Background The practise of teat disinfection prior to cluster attachment for milking is being adopted by farmers in Ireland, particularly where there are herd issues with new infection rates. Pre-milking teat disinfection has been shown to reduce bacterial numbers on teat skin and to be most effective against environmental bacteria such as Escherichia coli and Streptococcus uberis. A split udder design experiment was undertaken on two research herds (A = 96 cows: B = 168 cows) to test the benefit of pre-milking teat disinfection on new mastitis infection levels. The disinfectant was applied to the left front and right hind teats of all cows in each herd and the right front and left hind teats received no disinfectant treatment prior to milking over a complete lactation. Individual quarter foremilk samples were taken on 5 occasions during the lactation and all clinical cases were recorded. The presence and number of staphylococcus and streptococcus bacteria on teat skin of a random sample of experimental cows (n = 20) was measured on 3 occasions during lactation (April, June, and October). Results Pre-milking teat disinfection had no significant impact on quarter SCC and new infection rates (P > 0.05). The median SCC was 169 (95% CI = 144–198) × 103 cells/mL and 170 (95% CI = 145–199) × 103 cells/mL for disinfected teats and non-disinfected teats, respectively. There were no differences in SCC observed between herds (A = 161 (95% CI = 127–205) × 103 cells/mL; B = 169 (95% CI = 144–198) × 103 cells/mL) over the complete lactation. Bacterial levels on teat skin were reduced significantly with pre-milking teat disinfection compared to teats receiving no disinfectant (P < 0.001). Total infections (clinical and sub-clinical) were similar for disinfected teats (n = 36) and not disinfected teats (n = 40), respectively. Staphylococcus aureus (n = 47) and Strep. uberis (n = 9) were identified as the predominant bacteria in quarter foremilk samples with both clinical and sub-clinical infections. Conclusion SCC and new infection rates were similar in non-disinfected teats and disinfected (pre-milking) teats. The routine application of pre-milking teat disinfectant in pasture-grazed herds is unlikely to be of benefit where herd SCC is below 200 × 103 cells/mL.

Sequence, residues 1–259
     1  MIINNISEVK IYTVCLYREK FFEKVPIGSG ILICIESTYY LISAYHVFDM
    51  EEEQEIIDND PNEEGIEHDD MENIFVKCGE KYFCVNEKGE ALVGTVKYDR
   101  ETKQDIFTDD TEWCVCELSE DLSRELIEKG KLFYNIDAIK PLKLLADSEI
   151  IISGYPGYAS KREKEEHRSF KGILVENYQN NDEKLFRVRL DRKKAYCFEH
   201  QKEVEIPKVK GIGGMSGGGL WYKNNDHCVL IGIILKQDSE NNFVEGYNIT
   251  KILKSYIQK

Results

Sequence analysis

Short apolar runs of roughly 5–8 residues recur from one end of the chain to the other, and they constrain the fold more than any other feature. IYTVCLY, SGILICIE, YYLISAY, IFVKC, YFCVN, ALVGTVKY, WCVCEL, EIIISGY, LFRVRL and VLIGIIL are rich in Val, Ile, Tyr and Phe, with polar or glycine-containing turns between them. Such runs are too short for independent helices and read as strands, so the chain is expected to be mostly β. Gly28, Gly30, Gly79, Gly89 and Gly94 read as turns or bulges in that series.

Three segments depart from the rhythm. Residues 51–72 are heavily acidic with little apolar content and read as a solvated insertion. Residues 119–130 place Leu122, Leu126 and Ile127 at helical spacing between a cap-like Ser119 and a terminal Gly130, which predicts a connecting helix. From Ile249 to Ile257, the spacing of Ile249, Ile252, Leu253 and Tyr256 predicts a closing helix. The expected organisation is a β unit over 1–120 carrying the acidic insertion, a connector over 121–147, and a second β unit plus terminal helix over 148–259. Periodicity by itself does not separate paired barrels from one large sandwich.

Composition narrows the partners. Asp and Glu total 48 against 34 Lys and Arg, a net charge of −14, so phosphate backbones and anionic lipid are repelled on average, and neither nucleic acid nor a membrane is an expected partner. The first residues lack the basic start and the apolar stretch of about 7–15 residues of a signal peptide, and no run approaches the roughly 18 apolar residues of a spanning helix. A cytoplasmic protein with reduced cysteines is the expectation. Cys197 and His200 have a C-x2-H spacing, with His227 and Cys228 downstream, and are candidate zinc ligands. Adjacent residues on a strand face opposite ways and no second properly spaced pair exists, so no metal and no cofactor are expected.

• Imputation of ungenotyped parental genotypes in dairy and beef cattle from progeny genotypes

    Berry, Donagh P.; McParland, Sinead; Kearney, J.F.; Sargolzaei, M.; Mullen, Michael P.; Department of Agriculture, Food and Marine; Science Foundation Ireland; European Union; RSF-06-0353; RSF-06-0428; 1/SF/311; 09/IN.1/B2642 (Cambridge University Press, 2014-04-09)